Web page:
The suggestions and clickable auto-complete function is probably the reason why Google is still so popular. You don’t even have to make sense when you type your query into Google, and you certainly don’t have to worry about getting your spelling correct. Mash a few keys that vaguely resemble what you want to research, and Google offers suggestions that you can click on.

This sort of task-completion paradigm should be carefully weaved into every possible part of your website, from clickable auto-sign in, to your search bar offering suggestions based on the misspellings that your viewers entered into it.


  1. Don’t Be So Concerned About Slow Loading Times

Stop believing figures and research in general because they are not always as helpful as you expect. For example, Amazon said that every one second delay will decrease their sales by 7%, but that is Amazon’s problem. The Amazon website does very little selling because most of their customers have already decided what they want and now they are just looking for the best supplier. Unless you have a website like Amazon, then you shouldn’t worry too much about loading times.

People have such fast Internet connections and computer devices that websites take seconds to render and load. Most people rarely even think about loading times. It only becomes an issue if the loading time is excessively long. Otherwise, you shouldn’t worry about creating a heavy website.

Don’t be fooled by data that suggests websites with slow loading times will do worse on Google because it doesn’t apply to you. If you are not sure about that, then try trimming down one of your current websites and see if the increased loading speed makes that much of a difference. Google judges your website on so many factors that loading time doesn’t even matter unless your website is so poorly optimized that it takes an excessively long time to load.


  1. Get Your Mouseover Delay Correct With User Testing

If you use dropdown menus, then you need to make sure that the active elements in your menu are clearly visible and that they clearly stand out. You need a comfortable space for the viewer’s mouse cursor sit in. You need to make sure that the content does not disappear too quickly if the user’s mouse cursor ventures outside of the menu item.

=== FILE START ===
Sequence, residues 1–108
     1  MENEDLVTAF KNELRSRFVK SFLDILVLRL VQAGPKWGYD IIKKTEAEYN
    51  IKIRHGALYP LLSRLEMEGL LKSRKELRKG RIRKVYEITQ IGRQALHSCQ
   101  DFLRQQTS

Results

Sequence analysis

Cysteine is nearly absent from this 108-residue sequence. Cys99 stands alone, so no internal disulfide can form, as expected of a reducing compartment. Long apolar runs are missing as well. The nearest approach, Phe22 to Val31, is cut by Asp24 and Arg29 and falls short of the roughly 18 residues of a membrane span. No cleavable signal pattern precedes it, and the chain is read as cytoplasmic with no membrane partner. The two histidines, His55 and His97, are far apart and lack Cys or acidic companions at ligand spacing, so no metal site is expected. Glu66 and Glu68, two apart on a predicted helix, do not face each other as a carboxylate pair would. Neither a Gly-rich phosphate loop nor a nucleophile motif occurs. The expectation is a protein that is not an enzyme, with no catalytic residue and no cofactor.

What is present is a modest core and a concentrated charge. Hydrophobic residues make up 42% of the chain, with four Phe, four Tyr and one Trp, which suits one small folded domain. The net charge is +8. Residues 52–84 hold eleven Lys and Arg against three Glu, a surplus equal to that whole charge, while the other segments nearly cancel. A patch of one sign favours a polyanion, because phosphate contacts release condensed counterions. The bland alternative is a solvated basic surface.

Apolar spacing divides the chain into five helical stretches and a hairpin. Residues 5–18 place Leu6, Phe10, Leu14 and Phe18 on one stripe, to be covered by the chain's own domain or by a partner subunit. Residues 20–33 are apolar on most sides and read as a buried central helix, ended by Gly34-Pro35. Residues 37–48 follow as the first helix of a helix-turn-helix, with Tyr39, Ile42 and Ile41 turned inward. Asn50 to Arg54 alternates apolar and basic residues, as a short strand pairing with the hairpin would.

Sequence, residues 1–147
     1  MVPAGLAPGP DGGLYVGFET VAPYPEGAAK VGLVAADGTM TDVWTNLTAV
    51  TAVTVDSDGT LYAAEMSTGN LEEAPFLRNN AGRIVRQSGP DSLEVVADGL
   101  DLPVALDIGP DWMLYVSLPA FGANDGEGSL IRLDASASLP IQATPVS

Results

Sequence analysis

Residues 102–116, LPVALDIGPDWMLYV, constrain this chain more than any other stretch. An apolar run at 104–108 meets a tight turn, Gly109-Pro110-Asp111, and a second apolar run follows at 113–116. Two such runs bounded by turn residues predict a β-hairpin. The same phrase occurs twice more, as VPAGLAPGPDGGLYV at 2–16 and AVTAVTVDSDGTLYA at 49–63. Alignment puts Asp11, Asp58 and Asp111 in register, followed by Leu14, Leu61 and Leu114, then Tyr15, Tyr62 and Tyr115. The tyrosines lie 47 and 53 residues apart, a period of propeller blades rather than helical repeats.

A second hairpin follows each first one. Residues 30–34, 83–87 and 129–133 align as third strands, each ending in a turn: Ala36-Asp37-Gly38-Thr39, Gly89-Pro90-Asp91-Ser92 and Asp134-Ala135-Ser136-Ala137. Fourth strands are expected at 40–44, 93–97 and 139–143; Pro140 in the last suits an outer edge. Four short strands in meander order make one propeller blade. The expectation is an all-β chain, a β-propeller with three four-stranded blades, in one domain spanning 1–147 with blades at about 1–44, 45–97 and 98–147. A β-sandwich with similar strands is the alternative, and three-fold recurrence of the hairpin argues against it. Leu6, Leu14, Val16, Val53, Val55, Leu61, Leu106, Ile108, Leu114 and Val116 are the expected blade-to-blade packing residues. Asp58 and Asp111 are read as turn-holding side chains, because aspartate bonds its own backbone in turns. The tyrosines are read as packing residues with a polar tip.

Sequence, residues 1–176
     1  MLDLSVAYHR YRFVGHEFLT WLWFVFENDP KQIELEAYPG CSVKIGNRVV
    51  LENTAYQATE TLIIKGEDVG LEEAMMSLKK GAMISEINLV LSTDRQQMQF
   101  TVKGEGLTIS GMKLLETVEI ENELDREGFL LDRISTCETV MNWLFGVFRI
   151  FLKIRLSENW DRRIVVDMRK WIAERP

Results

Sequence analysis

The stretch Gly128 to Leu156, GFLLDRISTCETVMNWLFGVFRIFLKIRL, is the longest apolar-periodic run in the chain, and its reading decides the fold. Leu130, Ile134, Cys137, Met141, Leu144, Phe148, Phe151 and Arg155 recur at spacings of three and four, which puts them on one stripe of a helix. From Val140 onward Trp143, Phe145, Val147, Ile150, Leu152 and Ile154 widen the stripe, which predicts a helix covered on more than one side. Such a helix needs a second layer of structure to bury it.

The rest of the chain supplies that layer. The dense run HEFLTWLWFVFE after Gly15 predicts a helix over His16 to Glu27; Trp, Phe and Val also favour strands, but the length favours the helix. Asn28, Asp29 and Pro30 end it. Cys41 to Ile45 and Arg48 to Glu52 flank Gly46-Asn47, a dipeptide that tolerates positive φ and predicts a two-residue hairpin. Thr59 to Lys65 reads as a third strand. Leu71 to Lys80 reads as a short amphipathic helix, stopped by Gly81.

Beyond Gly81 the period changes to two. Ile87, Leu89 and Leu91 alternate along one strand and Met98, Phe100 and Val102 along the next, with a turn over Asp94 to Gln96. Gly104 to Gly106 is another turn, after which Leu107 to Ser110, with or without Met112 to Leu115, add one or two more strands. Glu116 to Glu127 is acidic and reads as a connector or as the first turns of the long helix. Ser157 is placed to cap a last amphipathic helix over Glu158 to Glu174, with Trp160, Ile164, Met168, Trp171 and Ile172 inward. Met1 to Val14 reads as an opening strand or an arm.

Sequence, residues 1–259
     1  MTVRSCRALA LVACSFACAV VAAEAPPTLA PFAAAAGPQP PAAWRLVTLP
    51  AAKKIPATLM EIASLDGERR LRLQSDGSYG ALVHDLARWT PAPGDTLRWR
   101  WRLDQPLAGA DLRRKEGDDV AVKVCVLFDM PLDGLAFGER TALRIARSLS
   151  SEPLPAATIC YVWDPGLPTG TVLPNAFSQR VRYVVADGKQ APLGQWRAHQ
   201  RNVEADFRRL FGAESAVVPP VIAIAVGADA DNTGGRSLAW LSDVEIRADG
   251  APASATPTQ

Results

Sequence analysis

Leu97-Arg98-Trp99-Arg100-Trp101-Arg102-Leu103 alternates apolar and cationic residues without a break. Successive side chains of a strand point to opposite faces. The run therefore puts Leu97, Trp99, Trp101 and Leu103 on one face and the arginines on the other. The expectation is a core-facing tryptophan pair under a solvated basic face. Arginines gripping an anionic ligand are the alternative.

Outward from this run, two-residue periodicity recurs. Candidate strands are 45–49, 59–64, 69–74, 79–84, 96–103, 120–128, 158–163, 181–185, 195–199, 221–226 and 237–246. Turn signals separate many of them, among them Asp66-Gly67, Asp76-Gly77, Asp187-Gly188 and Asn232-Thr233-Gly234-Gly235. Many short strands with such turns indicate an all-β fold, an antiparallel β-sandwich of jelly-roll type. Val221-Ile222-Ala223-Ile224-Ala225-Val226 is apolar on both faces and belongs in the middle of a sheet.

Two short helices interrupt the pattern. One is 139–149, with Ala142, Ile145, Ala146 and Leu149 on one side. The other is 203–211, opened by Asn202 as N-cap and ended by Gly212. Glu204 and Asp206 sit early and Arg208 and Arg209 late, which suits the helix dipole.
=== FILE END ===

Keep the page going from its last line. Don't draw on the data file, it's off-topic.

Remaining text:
You don’t want the delay to be too slow, or the user will have his or her mouse hovered over the menu item for seconds before the next menu item spawns. Nevertheless, it is no fun if the menu items disappear and the user has to go back and re-hover over a previous menu item to re-spawn the one that just appeared.

Have a number of people user test your website while you watch them. Don’t rely on people/testers mentioning flaws such as this because testers only mention things such as this if it goes from a minor irritation to an annoyance. You need to watch over the shoulder of your tester yourself to enable you to spot problems such as this. If you see your visitor playing a game of ‘chase the content’ when trying to click a target before it vanishes, then you have a problem with your mouseover delay.

Conclusion – Testing Only Gets You Part Of The Way

If you learn anything from this article, then consider the fact that research data is not as useful as it seems unless it is exclusive to your website, and testers are not as useful as they seem because sometimes you have to stand over them to see what they are doing and why. The tips on this article address issues that are relevant in the year 2017. Hopefully, some of the issues, such as popups and terrible VR websites will be a thing of the past one day.


BIO:  Laura Buckler aims to deliver creative and strategic content that will engage the audience and make them take action. In addition to being a strategic writer, Laura helps many companies boost their engagement and reach millions of readers. You can follow her on twitter.